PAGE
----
This appendix is provided to give the reader more details of the comparisons made between the groups. It cannot be emphasized too strongly that the essential essence is that all comparisons of variable categories are made with respect to the baseline category for that variable (e.g. 0 hours worked per week).
The membership of a group (e.g. those for whom reading was a goal, as opposed to those for whom reading was not a goal) is reviewed with respect to a selection of the Point of Entry variables, First every variable is examined on an individual basis (univariately) (§4.1.10) to see if it differs between group members and non-members. Then using this knowledge, all the variables are jointly compared (§4.1.11) to obtain an artificial profile of the group members.
Where the Point of Entry variable has two values (e.g. gender), the results such as:
are straightforward to interpret - there are more females (62%: 56%) for whom reading is a goal. This is denoted by a bullet () in the data summaries. If the result is significant at the p <=0.01 level, then the bullet is also shaded.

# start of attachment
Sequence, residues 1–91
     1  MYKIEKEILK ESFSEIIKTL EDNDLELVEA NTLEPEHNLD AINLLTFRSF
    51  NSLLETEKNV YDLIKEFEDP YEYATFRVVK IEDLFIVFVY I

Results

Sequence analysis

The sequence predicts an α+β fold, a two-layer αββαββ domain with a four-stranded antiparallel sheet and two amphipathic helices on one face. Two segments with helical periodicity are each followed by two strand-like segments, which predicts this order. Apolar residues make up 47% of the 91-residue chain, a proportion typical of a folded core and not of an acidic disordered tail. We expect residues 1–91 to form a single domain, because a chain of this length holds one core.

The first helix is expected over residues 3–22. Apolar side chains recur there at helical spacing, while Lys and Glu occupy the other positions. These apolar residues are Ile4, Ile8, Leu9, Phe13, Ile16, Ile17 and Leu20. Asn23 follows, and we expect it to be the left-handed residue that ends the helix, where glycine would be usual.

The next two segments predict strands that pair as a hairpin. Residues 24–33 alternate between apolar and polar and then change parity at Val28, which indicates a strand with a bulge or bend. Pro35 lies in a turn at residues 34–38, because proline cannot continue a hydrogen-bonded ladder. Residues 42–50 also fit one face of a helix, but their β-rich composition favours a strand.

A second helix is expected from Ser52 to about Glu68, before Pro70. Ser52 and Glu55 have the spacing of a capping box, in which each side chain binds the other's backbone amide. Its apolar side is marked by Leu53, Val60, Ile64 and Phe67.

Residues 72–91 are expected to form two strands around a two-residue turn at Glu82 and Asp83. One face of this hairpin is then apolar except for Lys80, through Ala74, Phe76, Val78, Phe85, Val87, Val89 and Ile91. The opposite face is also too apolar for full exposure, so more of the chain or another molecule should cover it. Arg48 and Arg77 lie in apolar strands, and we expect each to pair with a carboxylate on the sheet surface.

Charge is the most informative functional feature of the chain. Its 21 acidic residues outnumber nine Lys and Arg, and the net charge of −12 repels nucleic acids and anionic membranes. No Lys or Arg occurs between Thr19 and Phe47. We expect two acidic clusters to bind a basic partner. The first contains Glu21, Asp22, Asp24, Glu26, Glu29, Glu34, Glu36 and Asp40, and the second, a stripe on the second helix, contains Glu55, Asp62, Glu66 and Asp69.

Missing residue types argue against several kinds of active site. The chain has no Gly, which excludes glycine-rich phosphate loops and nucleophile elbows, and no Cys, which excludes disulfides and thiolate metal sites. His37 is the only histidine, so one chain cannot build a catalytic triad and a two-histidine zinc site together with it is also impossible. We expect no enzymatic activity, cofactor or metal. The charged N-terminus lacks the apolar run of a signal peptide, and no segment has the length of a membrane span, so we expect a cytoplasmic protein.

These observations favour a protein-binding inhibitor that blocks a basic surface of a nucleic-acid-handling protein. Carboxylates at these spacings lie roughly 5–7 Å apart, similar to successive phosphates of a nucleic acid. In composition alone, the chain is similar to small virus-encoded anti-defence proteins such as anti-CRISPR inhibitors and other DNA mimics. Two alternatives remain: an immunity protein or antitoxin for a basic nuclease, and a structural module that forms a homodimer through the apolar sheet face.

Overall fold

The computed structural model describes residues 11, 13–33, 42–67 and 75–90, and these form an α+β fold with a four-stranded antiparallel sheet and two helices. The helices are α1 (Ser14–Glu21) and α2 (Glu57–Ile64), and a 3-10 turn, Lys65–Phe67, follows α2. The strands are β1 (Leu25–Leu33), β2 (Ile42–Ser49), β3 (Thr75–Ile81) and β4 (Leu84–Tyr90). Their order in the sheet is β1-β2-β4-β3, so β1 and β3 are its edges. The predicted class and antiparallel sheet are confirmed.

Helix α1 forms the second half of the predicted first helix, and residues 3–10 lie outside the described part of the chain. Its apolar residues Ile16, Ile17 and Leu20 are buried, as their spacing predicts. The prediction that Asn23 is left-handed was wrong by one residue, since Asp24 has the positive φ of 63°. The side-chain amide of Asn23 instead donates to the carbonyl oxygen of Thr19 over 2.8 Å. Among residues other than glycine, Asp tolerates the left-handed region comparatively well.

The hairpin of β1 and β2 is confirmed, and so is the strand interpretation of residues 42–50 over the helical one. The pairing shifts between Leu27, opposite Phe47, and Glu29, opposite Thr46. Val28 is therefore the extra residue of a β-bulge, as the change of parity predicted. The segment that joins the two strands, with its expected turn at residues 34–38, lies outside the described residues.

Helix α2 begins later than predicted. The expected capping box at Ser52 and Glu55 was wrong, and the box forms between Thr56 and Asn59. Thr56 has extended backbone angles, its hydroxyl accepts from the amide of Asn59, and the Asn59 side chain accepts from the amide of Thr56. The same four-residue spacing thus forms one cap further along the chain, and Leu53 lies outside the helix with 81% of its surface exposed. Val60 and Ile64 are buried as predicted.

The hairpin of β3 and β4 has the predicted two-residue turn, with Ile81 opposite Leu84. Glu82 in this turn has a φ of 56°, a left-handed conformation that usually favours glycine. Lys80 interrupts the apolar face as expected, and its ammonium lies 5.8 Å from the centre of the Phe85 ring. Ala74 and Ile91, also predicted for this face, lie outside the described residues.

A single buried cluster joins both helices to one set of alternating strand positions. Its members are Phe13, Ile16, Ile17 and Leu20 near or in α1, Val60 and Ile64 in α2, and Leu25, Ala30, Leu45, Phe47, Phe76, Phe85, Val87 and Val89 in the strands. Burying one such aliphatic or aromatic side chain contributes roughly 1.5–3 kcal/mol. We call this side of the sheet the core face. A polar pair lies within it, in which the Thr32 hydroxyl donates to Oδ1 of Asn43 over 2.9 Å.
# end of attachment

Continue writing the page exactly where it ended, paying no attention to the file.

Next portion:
However, when the Point of Entry variable can take more than two values the problem of determining where the differences lie is more complex. For example consider the goal of reading with respect to age, which is broken into 3 categories (15-19, 20-24, >=25 years of age).
With these multi-valued variables, a blanket or omnibus test is first done to see if there are any differences between the groups with respect to the categories as a whole. If there are differences (as there are here), further testing is warranted, otherwise no further comparisons are made, as this would amount to data dredging.
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